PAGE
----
Gift-Giving Myths from the Orient
Give wallet as a gift
It’s believed that red wallets will bring lots of money and good fortune. These days, the color of your wallet is not as important, but only a few years ago people preferred red wallets over other colors. Red wallets used to be common gifts. If you intend to give a wallet as a gift, make sure to put some money in it.
10 or 50 dollars is sufficient and satisfies another level of giving good fortune. To go along with that, when giving back some kind of receptacle (such as a borrowed plastic container or cookie tin), it’s polite to fill it with food and not return it empty.
Ever get a handkerchief as a gift?
It’s a very old if uncommon belief that giving a handkerchief as a gift is a way of saying “goodbye” to someone. Keep in mind that in Korea, opening gifts right away is frowned upon and may seem rude. Koreans prefer not to show emotions in public, so it’s wise to ask permission first before opening a gift in front of the giver.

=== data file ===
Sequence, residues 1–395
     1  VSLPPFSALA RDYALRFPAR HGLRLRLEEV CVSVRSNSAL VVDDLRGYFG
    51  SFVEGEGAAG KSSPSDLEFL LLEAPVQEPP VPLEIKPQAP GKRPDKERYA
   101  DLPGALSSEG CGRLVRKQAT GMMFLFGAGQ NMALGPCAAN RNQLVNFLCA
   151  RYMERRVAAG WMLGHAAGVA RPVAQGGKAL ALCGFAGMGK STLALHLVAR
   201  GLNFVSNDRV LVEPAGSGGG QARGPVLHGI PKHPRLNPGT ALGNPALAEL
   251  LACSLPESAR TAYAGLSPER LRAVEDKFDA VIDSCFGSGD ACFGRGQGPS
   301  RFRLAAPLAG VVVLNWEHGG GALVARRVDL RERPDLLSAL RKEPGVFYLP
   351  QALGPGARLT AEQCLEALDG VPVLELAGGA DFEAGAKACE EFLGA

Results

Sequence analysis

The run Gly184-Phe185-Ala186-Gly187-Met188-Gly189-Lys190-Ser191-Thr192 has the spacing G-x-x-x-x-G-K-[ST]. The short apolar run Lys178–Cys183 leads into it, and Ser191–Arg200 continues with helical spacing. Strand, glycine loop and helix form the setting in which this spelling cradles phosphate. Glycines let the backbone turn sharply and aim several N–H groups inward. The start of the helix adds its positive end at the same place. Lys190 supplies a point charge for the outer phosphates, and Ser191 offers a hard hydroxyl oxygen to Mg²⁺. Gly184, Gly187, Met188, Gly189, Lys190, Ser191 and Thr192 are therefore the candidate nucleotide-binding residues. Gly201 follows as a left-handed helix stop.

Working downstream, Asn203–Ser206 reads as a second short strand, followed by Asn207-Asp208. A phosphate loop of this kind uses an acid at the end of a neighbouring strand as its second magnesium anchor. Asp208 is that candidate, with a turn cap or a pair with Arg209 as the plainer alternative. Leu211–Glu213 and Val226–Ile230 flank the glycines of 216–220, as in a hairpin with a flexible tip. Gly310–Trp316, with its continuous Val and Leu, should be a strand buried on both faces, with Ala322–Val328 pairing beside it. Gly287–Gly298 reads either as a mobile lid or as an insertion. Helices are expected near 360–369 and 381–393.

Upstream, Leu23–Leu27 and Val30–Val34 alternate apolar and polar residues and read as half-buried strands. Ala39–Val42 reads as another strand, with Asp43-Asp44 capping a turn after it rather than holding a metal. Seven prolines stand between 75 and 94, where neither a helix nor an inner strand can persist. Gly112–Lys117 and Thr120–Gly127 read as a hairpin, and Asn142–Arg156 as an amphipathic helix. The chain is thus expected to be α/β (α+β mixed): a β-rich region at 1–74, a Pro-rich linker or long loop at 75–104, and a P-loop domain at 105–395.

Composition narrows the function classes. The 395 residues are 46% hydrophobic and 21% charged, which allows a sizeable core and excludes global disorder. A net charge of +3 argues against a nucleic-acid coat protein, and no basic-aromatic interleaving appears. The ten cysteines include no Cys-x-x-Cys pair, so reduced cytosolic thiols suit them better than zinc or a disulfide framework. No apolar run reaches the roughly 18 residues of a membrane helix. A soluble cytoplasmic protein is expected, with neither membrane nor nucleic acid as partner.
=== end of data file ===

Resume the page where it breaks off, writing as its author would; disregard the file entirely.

The thought behind that is the gift giver does not want to face the judgment of someone opening the gift in his or her presence. Interestingly, in western culture it’s considered rude to not open a gift when someone gives it to you.
Give the gift of red underwear.
There is an old saying that one should buy red “long johns” for one’s parents after receiving the first paycheck from your first job.
People tend to give other gifts to show appreciation to their parents, but the red long johns have an explanation. Back in the day, when floor heating was not as prevalent as it is now, people wore long underwear at night. Red-colored underwear was more expensive than the other drab colors offered at the time and therefore more desirable. Anyone who still observes this belief will probably buy red boxers, briefs, bras or panties for their parents.